I suggest not!

 

Returning to the use of the word KILROY. It is said that Kilroy was the Nova Gemeni {a commercial outlet for specialist goods} product previously  known as a 'A FAINT STAR' by a professor H. II,Tur?

 

The following pictures come from the site of Graces Guide of British Industrial History on this URL  <https://gracesguide.co.uk/Main_Page>  and are copyright. I have paid for them and their use. Do not copy these for your own use.

 

 

A regulator "For Kilroy's Patent" which can control all boilers [furnaces] to FIRE UP at preset timed intervals.  Below is a regulator which can indicate the firing up of specific boilers. The expression firing up means that the stokers [RN]/firemen[MN] are told when to shovel in certain amounts of coal from a heap dumped from the bunkers in front of each boiler door.

 

 

Evershed and Vignoles Ltd
1895 Company founded - makers of electrical equipment. Co-founded by Sydney Evershed (1858-1939) and Ernest Vignoles by purchasing the instrument section of Goolden and Trotter where they worked.


In WWI, they made steering and target equipment for the Royal Navy.

 

Willie Dickson KILROY was a civilian electrical engineer, without fame but with a reasonable living. He was already

 a prolific inventor/engineer having a hand in many pies [or, as they say] 'pokers in the fire'. He was to become recognised by the navy for his inventions and as WW1 loomed large he was invited to become a lieutenant in the Royal Navy Volunteer Reserve [RNVR], a gift in the remit of the Admiralty. Others, aspiring to such an appointment, went through the mill of selection and started at the bottom unusually as a sub lieutenant, so he saw it for what it was, an honour and a reward for an outstanding mind! His service record spans 1894-1922, though not all of it in uniform.

 

The Royal Navy adopted several of his diverse contributions, including his Kilroy Danger Signal which inhibited the firing of a main armament turret when the outcome would have endangered the firing ship;
 Kilroy Stoking Indicator the subject of this my page, and the Mechanical Aid-to-Spotter, a device which ensured that the spotting officer [hIgh aloft in the ship] was watching the same target as was being fired upon by his own ship.  He was commissioned as a  temporary lieutenant in the Royal Naval Volunteer Reserve on 16 November, 1915, as an Assistant to the Director of Naval Ordnance in the Naval Ordnance Department {gunnery for short} from the same date.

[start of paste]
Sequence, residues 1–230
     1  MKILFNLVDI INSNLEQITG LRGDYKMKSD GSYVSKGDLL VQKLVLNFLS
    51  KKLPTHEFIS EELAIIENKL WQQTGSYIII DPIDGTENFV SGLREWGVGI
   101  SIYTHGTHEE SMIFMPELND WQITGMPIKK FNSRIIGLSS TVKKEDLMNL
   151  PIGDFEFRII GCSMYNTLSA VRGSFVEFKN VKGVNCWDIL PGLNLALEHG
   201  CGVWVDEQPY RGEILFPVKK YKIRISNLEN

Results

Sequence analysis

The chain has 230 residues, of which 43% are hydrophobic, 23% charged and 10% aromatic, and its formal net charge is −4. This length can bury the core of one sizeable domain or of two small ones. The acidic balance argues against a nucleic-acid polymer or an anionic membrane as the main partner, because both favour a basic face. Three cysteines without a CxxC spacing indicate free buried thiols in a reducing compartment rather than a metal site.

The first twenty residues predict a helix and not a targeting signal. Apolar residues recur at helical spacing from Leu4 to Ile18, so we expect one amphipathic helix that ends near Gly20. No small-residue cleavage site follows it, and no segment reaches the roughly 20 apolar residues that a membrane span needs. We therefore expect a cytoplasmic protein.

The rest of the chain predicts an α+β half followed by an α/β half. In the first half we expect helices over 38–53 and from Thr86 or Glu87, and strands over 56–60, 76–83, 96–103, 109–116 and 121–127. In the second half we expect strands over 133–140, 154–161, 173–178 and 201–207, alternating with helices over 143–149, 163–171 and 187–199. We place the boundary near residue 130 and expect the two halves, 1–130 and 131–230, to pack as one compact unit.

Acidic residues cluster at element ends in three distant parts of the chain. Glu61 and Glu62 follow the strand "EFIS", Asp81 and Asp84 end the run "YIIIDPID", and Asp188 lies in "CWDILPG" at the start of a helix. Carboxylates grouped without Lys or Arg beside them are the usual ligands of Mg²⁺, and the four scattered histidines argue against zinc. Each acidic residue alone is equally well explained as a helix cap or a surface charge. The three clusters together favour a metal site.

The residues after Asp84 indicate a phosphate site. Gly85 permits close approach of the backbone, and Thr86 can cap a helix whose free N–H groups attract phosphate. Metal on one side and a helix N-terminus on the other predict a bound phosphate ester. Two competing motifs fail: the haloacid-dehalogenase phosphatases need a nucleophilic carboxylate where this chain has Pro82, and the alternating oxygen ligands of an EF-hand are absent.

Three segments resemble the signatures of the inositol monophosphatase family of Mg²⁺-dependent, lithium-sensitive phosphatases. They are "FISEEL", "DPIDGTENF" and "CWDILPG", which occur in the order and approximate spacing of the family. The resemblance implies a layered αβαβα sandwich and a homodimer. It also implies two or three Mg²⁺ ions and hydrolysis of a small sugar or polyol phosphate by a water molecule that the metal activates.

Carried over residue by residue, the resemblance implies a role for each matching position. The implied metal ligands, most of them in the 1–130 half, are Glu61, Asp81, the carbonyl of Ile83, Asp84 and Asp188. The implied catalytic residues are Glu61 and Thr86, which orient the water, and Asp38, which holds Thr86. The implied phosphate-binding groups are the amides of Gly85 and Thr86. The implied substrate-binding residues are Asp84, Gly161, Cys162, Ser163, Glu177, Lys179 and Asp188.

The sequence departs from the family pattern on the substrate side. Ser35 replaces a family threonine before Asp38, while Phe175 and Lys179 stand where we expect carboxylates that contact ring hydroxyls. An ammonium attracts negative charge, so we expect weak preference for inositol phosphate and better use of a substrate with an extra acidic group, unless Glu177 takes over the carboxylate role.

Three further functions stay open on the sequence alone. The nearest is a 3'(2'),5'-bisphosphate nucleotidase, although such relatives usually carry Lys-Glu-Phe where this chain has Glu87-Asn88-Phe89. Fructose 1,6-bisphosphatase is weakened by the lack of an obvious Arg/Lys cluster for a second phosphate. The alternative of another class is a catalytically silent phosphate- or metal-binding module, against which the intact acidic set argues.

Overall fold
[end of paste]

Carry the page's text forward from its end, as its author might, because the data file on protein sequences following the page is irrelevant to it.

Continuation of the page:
Obviously his 'Firing-up Regulator' invention needed a Patent and a manufacturing source, so for the Stokers instruction to fire specific boilers to control steam output, he approached Evershed & Vignoles for that necessary expertise. All his other inventions which were accepted and subsequently used by the navy at sea in an operational environment, were done in-house by naval dockyards supervised and directed by Kilroy himself. There can be no doubt that he would have earned a good whack of money for his patent boiler firing device, but the RN boxed clever and considered a commission in the navy, albeit in the reserves and like all reserve officers temporary [for the duration of the war only] on full pay, a suitable quid pro quo for skills of a qualified and registered electrical engineer.  Evidently, he invented many things in his life time, the majority for civilian use in times of peace and tranquility, and for the enhancement of industry.

 

This then is the original and first marketed device which well before 1920 was recognised world wide in the steam business!

KILROYS_STOKING_INDICATOR.pdf

 

This is his entry in the 1918 NAVY LIST

 

 

 

By all accounts he was an unsung hero, given a modest reward/award for his efforts to increase the fighting efficiency of the fleet, an OBE, nor is there a record of his obituary in the traditional newspaper areas.